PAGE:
Borrowers, who for two years linked their rates to market-based external benchmarks to exploit falling interest rates, are now feeling the pinch, as a 140-basis-point increase in the repo rate since May this year has triggered an up to 162-basis-point jump in market rates. A basis point is one-hundredth of a percentage point.
While non-banking finance companies including
and Fullerton are already raising repo-lined bonds, large companies are asking banks to revise their loan terms.
“We are raising our first rupee bonds linked to such a variable rate soon,” said Umesh Revankar, managing director at Shriram Transport Finance. “If new credit is linked to any variables including repo, the transition of policy action becomes faster with stability.”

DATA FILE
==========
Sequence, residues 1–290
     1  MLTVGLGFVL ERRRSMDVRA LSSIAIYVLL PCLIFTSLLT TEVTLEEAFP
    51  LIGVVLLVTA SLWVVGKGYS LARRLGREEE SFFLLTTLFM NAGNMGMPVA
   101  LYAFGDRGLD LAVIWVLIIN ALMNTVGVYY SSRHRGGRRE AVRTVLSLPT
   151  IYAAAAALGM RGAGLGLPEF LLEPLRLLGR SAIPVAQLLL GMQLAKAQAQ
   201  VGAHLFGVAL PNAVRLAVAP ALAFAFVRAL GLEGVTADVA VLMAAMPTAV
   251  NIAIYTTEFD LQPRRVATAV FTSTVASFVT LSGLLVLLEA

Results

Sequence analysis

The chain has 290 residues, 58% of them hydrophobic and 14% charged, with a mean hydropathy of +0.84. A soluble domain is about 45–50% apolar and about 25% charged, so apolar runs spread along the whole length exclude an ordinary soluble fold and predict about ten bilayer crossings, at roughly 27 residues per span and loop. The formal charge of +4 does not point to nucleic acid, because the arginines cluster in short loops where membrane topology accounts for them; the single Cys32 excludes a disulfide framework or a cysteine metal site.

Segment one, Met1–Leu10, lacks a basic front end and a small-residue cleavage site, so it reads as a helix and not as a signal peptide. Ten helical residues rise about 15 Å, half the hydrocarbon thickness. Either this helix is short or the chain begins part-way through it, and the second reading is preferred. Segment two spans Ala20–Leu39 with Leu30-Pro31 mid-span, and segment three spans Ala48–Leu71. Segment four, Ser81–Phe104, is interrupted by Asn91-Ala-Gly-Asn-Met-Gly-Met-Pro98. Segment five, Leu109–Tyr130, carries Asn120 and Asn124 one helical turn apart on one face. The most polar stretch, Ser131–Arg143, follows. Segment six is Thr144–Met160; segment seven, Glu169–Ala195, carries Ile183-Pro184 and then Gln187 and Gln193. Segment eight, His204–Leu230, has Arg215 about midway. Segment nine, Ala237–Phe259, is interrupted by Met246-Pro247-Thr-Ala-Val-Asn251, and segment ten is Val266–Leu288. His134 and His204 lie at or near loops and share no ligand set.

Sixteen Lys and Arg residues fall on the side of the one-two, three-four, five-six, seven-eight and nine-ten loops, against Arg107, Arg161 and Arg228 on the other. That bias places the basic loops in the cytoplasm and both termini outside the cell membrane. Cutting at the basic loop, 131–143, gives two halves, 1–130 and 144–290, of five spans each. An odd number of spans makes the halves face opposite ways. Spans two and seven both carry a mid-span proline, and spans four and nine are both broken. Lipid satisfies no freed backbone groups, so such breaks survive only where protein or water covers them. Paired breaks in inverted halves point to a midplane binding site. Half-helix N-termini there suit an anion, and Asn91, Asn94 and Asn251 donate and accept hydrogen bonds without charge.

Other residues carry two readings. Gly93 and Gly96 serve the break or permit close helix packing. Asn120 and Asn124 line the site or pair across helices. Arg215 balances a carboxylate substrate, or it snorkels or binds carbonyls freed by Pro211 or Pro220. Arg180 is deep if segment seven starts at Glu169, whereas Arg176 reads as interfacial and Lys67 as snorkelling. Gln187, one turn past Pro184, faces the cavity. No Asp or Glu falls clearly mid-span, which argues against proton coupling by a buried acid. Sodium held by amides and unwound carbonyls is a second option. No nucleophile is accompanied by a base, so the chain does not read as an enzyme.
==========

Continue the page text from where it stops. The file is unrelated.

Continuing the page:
On May 4 this year, the Reserve Bank of India increased the policy repo by 40 basis points, resuming a new rate-hike cycle. Since then, Treasury bills yielded 147-162 basis points higher in the primary market across three maturities – 91-day, 182-day and 364-day, show data from the RBI.
Some of the large conglomerates are said to have approached top lenders seeking conversion of loan benchmarks into the repo, at which banks borrow short-term funds from the RBI. The repo rate now is 5.40%.